Much more can be said about Matt’s posts, but I presume that he will expand on his interpretation of the political question doctrine as blocking structural issues from judicial review (and we also have to eventually wrap this up, K-Lo hints to me). As should be apparent from the last post, this view finds no support in the text of the Constitution; and the Framers–both in Federalist 78 and the debates–did not so limit judicial review. Again, Matt’s restrictive position is neither properly originalist or textualist.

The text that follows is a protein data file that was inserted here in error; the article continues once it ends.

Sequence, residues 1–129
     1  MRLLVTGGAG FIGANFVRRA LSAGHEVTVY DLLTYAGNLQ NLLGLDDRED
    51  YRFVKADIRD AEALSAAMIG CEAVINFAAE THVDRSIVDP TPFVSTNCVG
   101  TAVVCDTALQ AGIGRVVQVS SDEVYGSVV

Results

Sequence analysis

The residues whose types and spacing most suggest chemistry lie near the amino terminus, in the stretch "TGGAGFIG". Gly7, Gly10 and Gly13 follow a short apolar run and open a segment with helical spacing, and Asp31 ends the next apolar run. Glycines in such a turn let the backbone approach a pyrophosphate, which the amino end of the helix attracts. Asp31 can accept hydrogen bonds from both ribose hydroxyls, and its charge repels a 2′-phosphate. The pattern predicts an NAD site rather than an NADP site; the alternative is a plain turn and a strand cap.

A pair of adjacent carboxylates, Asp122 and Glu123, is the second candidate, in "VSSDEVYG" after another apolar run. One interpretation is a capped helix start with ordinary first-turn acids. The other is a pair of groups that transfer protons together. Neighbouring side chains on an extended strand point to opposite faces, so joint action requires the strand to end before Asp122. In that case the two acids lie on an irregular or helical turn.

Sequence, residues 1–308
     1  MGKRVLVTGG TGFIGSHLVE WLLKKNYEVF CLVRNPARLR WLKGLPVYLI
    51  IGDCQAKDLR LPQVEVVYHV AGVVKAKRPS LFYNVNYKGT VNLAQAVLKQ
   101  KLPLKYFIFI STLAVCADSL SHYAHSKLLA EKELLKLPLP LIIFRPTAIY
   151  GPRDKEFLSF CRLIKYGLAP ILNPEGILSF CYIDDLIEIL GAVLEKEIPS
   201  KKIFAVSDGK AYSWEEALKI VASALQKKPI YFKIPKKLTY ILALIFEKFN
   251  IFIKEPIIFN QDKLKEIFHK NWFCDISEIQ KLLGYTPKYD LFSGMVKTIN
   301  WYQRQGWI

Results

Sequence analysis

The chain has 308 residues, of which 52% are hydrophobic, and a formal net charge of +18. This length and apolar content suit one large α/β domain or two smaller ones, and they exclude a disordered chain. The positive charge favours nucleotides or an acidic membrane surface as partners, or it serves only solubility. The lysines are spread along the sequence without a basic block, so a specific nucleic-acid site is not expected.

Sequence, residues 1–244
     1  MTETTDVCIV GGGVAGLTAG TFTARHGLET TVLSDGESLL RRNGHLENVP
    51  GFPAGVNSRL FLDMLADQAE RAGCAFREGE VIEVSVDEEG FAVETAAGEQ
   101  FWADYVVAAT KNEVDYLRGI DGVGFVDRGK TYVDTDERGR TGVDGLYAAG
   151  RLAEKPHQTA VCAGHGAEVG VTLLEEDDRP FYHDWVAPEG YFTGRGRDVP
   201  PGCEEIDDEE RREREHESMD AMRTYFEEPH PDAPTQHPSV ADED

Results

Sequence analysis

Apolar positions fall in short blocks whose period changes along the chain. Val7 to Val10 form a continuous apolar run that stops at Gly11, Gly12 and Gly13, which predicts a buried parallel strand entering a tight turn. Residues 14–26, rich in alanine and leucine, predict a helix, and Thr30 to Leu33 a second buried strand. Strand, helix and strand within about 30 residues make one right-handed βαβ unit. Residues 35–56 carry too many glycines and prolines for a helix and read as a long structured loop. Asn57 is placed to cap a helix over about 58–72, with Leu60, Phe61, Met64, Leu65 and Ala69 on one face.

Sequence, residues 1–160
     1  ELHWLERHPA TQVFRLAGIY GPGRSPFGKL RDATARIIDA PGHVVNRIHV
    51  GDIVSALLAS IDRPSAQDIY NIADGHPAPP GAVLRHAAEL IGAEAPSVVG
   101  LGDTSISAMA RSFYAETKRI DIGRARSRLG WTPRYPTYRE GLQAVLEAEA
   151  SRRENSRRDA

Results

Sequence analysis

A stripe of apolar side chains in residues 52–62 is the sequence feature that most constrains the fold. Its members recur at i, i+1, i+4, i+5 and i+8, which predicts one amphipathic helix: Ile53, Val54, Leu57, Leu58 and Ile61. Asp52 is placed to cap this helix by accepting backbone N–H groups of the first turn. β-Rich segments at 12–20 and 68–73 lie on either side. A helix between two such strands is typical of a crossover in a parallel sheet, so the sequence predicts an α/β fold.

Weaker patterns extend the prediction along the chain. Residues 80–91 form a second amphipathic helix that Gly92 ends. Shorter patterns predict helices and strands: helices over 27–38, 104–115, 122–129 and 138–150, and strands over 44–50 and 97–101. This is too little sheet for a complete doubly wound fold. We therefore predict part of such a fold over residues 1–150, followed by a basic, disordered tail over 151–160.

As for his statements about due process, suffice it to say that he takes my reference to due process grossly out of context. I did not suggest that due process forms the basis for judicial review—it merely provided a theoretical constitutional support for a statement made by Gerry and Robby. That said, the idea that due process could be found to require that a law used to prosecute someone actually must be a properly passed law is a pretty minimalist view, contrary to Matt’s shock and horror. It says nothing of an underlying right, but rather goes to the process by which someone is deprived of life, liberty or property (i.e., the process requires that only legitimate laws may be used—not laws which are “void”). By contrast, a claim sounding in substantive due process could, for example, appeal to the ether of that oxymoronic phrase to provide the basis for why the law was unconstitutional. Accordingly, Matt’s use of the term “substantive due process”—while an admirable attempt at derision–was nonetheless legally erroneous even as to the use of the term. But, to be clear as to my position, the Courts don’t need due process to have authority for judicial review: the Constitution grants them that power in “all Cases, in Law and Equity, arising under this Constitution.”